The Big 12 is scheduled to play nine conference games and one nonconference game. The conference schedule begins the weekend of Sept. 26. Under conference guidelines, players are tested three times a week.
Florida Atlantic University, a member of Conference USA, also announced it would postpone its scheduled season-opener on Saturday, at Georgia Southern. The university said it made the decision after receiving the results of its latest round of virus testing on Thursday.
Mike Norvell, head football coach at Florida State University, announced Saturday that he had tested positive for the coronavirus and was isolating himself, according to the Tampa Bay Times. Florida State does play this weekend, and Mr. Norvell said he would not travel next week when the team plays University of Miami.
In South Korea, Covid-19 comes with another risk: online bullying.
The country owed much of its relative success in finding those infected with the virus to its aggressive use of surveillance camera footage, smartphone data and credit card transaction records. The government, which did not reveal patients’ names, sometimes released revealing data such as their addresses and employers.
The information has empowered trolls, harassers and other 21st-century scourges. The authorities have since pulled back on some of their more obtrusive tactics, though South Koreans still have raised relatively few outcries over privacy.
“I don’t think this reflects a lack of respect for privacy in South Korea,” said Park Kyung-sin, a professor at Korea University School of Law and an expert on privacy. “Rather, people seem to think that at a time of a pandemic, privacy can be sacrificed for the sake of public health.”
Doxxing — digging up and publishing malicious personal information — had already been a growing problem in the country, often cited in the recent suicides of K-pop stars.
In the initial desperate months of the pandemic, restaurants visited by patients were sometimes treated as if they were cursed. Citing one patient’s frequent visits to karaoke parlors, online trolls claimed that she must be a prostitute. Gay South Koreans began to fear being outed, prompting the government to promise them anonymity in testing after an outbreak erupted at a gay club in Seoul in May.
Other than China, South Korea is virtually the only country in the world whose government has the power to collect such data at will during an epidemic, Professor Park said.
After a laundromat in Manhattan said it couldn’t pay its monthly rent in April and May, the property’s manager asked for half of the $7,200 bill, while also allowing another struggling tenant, an electronics repair store, to pay a third of its $12,500 monthly rent. A nearby clothing store in the Chelsea neighborhood had its $10,000 rent cut 50 percent.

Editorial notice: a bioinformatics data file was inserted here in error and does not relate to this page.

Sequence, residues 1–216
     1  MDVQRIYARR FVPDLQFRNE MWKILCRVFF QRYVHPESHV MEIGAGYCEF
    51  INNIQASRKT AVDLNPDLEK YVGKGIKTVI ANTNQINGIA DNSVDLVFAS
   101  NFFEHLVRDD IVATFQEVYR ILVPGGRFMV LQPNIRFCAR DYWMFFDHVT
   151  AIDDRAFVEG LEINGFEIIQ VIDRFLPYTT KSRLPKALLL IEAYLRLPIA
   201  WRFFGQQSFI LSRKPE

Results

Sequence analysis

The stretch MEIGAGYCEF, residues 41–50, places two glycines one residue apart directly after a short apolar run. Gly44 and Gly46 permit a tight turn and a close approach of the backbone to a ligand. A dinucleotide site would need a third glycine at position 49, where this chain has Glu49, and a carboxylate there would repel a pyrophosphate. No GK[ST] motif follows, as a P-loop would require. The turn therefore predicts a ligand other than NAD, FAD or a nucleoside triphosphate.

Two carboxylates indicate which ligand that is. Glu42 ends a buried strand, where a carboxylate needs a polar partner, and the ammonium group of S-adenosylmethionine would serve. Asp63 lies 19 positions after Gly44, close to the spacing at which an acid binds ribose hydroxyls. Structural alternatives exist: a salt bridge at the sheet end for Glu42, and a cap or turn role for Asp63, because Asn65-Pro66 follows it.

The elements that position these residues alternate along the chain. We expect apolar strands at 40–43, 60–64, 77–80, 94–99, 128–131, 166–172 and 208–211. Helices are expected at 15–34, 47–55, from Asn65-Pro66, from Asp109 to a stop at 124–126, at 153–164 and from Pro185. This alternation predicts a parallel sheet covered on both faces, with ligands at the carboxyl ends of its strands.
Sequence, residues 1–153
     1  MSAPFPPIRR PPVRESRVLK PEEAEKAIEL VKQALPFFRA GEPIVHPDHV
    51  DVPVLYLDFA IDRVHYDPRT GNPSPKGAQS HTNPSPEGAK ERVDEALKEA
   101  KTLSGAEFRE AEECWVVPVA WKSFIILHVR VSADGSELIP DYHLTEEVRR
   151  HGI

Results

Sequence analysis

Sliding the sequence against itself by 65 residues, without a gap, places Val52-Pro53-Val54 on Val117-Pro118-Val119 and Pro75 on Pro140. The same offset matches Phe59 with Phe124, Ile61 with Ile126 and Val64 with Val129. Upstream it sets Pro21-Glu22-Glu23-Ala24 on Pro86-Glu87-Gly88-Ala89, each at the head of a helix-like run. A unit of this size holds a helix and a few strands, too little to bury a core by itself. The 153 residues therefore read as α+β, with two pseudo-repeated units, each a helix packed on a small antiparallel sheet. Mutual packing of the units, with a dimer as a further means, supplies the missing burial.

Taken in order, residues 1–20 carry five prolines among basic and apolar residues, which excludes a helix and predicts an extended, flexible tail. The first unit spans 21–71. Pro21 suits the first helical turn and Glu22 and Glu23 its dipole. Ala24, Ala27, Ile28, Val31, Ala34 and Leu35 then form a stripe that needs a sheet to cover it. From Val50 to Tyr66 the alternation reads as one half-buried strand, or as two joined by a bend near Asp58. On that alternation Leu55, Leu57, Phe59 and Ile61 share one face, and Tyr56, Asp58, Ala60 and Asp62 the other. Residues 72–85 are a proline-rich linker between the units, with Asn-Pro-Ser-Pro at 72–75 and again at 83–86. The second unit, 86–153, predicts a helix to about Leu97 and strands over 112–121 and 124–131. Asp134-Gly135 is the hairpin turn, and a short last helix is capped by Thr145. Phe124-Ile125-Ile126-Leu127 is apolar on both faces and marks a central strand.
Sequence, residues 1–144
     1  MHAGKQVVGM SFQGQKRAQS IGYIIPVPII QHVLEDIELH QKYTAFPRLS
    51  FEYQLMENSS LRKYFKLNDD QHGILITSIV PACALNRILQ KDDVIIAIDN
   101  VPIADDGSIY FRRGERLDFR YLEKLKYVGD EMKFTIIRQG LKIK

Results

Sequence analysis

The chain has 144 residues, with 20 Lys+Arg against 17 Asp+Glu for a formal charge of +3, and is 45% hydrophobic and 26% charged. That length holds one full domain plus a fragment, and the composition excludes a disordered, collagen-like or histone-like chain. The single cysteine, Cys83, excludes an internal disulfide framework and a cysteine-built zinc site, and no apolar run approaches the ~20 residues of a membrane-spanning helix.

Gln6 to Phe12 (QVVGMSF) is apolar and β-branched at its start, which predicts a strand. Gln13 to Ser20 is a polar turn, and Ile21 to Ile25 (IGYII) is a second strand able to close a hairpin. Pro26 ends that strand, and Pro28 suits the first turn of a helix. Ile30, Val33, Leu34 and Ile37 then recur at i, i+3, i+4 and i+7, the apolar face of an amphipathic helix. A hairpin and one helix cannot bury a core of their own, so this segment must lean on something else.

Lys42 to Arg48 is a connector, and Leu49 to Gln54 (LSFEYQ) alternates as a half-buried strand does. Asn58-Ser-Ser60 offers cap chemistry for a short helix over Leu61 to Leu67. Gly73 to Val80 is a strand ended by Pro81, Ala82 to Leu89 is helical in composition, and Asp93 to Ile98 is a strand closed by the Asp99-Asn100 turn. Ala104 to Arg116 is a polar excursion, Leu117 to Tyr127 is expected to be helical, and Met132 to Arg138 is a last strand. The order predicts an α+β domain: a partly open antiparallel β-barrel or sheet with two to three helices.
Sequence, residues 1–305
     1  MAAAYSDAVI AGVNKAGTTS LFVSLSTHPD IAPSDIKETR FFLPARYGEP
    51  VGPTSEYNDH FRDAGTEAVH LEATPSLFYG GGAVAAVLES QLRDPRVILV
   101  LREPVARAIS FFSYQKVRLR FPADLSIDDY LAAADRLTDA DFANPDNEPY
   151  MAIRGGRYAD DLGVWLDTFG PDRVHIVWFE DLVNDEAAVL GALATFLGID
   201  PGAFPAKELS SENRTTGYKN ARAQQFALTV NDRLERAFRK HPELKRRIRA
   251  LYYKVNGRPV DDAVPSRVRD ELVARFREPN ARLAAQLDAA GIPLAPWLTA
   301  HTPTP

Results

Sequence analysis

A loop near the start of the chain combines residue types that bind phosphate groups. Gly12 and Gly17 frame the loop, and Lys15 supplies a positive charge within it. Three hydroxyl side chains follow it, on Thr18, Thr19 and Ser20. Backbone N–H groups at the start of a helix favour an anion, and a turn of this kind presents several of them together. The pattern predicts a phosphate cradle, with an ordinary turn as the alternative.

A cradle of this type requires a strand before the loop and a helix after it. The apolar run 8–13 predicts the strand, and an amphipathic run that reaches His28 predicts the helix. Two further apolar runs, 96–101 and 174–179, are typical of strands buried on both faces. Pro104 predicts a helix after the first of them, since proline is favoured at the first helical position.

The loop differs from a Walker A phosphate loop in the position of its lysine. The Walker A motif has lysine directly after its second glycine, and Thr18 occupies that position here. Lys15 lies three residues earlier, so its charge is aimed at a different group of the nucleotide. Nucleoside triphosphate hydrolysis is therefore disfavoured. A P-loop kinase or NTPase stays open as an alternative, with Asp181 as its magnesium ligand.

The drastic reductions are part of a desperate effort by landlords to stave off vacancies even as revenue plummets and taxes, utilities and other costs erode their own reserves.
“We kind of just take what we can get and work out a number,” said the laundromat property’s manager, Aaron Weber, whose company manages nearly 40 commercial properties in Manhattan. “As long as they are paying something, we’re happy.”
Yet with thousands of small businesses that are a staple of city life unable to pay basics like rent during the pandemic, that has set off an extraordinary crisis for landlords, who have lost tens of millions of dollars in income since New York City’s lockdown began in March, analysts said.
Landlords face an unpleasant choice: Forgive or lower rent payments even as their own bills pile up, or hold firm and risk losing a tenant who may not be replaced for months or even years.
Even as some landlords are cutting rents, others have not considered any compromise, going so far as to threaten tenants with lawsuits even if a business faces permanent closure.
“On the tenant side, the stakes are a massive wave of not temporary but permanent closures, which will mean damages to personal credit scores, many lost jobs and all the ripple effects,” said Ari Harkov, a broker who has worked with commercial landlords and tenants. “On the landlord side, you’re talking about potential foreclosure, you’re talking about people defaulting on their loans, not being able to pay their bills.”